Editor's Note: Peggy Delaney is sailing on a newly refurbished research vessel, the JOIDES Resolution, that left Honolulu on March 10 with an international group of researchers on board. The ship, supported by the U.S. National Science Foundation, conducts scientific investigations beneath the seafloor by drilling the ocean floor and retrieving long “cores” of mud for testing and data collection. This is her fifth blog post. To see all her posts, see "60 Seconds in the Mid-Pacific."
IN THE EQUATORIAL PACIFIC (March 22, 2009)—The frequency of my posting has slowed down, because we have been on-site and the pace of work in the chemistry lab has really stepped up.
On the 15th, we arrived at site PEAT1C and started assembling and lowering drill string to the seafloor. That site would become U1331, and we began coring on the 16th. (A word about site naming: When the site is proposed site, it has a site designation particular to the proposal—in this case, PEAT stands for "Pacific Equatorial Age Transect." Different expeditions will have different proposed site designations. Once we start drilling a site, however, it loses its proposed status and gets a formally designated site number.) We recovered 15 cores that day, all of material from Quaternary [period] to middle Eocene epoch, and began processing them. On an initial look, we saw red clay and a nanofossil zone with radiolaria and few diatoms.
The radiolarian-rich sediments look a bit like chocolate mousse. We kept coring for several days. Our initial attempts to core the early Eocene material weren't ideal, but we got a good sample after a few days. We also probably hit the basaltic basement, which, as Katrina Edwards described in 60 Seconds in North Pond, can be quite damaging to cores. In this case it was that coring basement can be damaging to coring tools not especially made for the job. We were using a type of piston corer ideal for recovering undisturbed soft sediment, to get the best sample we could of the carbonate-rich material overlying basement. As a consequence, we ended up getting a sample of basement with this hydraulic piston corer, and the piston corer showed signs of this contact with the very hard basement. This was a creative and effective way to meet program science goals, as we got both a beautiful sediment section and the sample of basement we wanted to have at each site. In the words of our daily scientific report, we surmised that "Core 18H had more than vigorously encountered basaltic basement."
Yesterday, we finished up at U1331, and today we've just arrived at our next site (PEAT2C, soon to be U1332). As part of the transition, we held our science meeting yesterday for each of the groups to give summaries. This is the first formal opportunity for all of the different scientific specialty groups to hear what each other has found. Each group will also be writing their part of the chapter about this site very soon. Remember that we walk off the ship with a near-final version of a small book about this expedition, published for use by the scientific community as an expedition report.
Those of us who have done this before knew where we were driving in the lab programs—toward a complete set of data carefully and fully documenting what we found at this site, with appropriate graphics to support it. This complete set of data is accompanied by first-order interpretations of what the depositional and geochemical, along with the micropaleontological, compositional, physical, magnetostratigraphic and other properties mean in terms of the history of sediment deposition at this site.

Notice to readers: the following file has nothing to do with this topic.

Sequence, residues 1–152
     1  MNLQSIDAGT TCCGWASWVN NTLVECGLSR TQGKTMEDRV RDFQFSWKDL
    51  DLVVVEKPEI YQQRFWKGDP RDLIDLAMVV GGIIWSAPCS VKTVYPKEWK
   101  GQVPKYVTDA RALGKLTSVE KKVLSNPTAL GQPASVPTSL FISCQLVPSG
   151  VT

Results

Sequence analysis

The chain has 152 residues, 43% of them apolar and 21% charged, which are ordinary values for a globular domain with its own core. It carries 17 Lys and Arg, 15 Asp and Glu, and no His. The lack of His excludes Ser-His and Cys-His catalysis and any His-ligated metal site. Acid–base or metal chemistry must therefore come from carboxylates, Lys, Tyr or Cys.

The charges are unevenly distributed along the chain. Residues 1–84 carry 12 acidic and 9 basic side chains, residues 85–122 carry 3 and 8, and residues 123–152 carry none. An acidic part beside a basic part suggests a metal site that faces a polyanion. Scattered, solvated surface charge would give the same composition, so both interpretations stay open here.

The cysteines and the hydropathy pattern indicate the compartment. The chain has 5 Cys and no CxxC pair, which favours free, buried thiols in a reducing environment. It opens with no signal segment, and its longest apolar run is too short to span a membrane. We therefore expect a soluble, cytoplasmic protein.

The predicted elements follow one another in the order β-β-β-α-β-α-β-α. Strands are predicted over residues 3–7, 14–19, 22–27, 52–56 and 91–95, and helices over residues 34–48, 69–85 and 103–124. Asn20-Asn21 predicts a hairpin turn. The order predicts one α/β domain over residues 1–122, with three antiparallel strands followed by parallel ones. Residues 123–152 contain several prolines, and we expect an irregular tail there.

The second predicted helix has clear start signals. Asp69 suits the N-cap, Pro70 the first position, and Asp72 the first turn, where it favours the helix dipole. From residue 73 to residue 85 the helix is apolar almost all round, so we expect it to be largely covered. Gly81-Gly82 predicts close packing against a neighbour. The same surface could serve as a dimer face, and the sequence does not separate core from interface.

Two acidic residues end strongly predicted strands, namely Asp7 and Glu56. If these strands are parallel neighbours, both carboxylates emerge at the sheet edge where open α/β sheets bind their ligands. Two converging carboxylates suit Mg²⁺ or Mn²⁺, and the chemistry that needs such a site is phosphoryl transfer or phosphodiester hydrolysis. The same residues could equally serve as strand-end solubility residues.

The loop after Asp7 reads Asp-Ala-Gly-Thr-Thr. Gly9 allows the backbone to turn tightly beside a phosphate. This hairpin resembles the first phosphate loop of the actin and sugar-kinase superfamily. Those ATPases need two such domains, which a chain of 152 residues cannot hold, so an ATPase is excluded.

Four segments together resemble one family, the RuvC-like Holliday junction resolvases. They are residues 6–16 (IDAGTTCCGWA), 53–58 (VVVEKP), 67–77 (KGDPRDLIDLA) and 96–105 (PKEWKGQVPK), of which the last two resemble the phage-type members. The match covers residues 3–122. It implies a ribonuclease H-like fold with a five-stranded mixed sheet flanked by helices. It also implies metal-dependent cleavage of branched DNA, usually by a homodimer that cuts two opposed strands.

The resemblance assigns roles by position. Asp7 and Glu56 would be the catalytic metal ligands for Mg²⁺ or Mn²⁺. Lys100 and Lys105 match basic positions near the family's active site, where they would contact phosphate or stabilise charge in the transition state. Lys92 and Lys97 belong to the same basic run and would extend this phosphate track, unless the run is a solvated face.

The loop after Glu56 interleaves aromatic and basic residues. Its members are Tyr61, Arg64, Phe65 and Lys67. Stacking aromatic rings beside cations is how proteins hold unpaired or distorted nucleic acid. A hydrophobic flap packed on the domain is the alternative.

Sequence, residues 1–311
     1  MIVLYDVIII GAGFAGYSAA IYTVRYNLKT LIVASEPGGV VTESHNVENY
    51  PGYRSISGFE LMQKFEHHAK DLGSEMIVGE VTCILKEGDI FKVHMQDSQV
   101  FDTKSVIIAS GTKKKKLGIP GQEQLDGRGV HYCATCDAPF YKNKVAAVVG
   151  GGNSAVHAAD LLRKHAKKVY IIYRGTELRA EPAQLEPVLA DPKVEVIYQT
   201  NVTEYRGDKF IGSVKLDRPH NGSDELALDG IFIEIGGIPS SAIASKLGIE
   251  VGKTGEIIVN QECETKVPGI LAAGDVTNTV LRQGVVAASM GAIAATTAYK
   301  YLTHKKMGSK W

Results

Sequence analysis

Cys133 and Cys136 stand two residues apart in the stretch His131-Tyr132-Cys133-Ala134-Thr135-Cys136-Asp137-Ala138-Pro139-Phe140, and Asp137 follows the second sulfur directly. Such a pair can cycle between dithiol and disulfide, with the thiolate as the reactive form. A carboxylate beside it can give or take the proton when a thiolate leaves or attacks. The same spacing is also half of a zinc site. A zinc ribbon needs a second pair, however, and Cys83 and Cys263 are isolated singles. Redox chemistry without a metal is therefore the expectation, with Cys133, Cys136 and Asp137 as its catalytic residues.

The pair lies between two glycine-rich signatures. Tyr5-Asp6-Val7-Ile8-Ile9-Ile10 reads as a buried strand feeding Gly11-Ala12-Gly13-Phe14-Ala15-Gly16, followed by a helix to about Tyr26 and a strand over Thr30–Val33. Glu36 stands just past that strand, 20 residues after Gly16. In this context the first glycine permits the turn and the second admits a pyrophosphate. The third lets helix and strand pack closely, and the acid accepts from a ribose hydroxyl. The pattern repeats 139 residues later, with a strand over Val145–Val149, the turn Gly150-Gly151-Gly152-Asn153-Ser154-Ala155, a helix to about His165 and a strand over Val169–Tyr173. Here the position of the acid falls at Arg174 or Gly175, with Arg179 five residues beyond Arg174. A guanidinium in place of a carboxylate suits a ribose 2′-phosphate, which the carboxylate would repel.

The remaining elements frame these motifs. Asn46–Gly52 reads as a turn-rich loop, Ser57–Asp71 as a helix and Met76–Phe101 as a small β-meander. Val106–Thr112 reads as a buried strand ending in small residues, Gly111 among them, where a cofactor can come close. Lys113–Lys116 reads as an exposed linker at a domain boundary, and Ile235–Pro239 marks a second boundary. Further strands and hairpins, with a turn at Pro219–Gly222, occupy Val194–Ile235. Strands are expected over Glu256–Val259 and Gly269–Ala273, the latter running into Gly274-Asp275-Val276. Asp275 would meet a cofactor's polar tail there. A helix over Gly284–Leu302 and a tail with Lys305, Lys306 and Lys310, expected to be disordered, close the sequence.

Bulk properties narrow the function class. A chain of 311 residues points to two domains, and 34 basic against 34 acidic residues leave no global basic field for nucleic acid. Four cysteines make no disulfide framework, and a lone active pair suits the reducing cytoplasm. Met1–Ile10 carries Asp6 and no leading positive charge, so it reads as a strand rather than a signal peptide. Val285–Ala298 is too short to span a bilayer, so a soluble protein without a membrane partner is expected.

One of the real pleasures for me was in seeing the site meeting and this process through the eyes of some of the scientists who are new to this—new to this renovated ship, new to collecting these data in these labs at sea, new to the site chapter writing process. As one said, "We are doing science in real time!"
And this reminded me: Beyond all the struggles of working with new or unfamiliar instruments in a new setting; beyond trying to keep up with the work flow so your lab area isn't the one holding back flow of the core from the catwalk, where the nearly 10-meter (33-foot) core is cut into workable sections with the object of getting it into the containers that will be shipped away from the JOIDES Resolution; beyond 12-hour work shifts, here we are—sampling something no one has ever seen before and doing the first-order scientific description. This really is an amazing process.
My shipboard job is focused on working with the fluids buried with the sediment—the interstitial water. As I was working with samples in the lab, my hand slipped, and I spilled a bit of the precious sample on my pants leg. No big deal—it's chemically very similar to seawater, so no harm done. But then, I thought to myself, "Hey, you just spilled water that was extracted from 40-million-year-old marine sediments on your knee. How many people have ever done that?" And I felt enormously privileged to be given this opportunity to explore the splendors of our world.
Sedimentologists Rebecca Robinson (University of Rhode Island) and Hideto Nakamura (Hokkaido University, Japan) work on a core as Helen Evans (Logging Staff Scientist, IODP-USIO/LDEO) observes. Courtesy IODP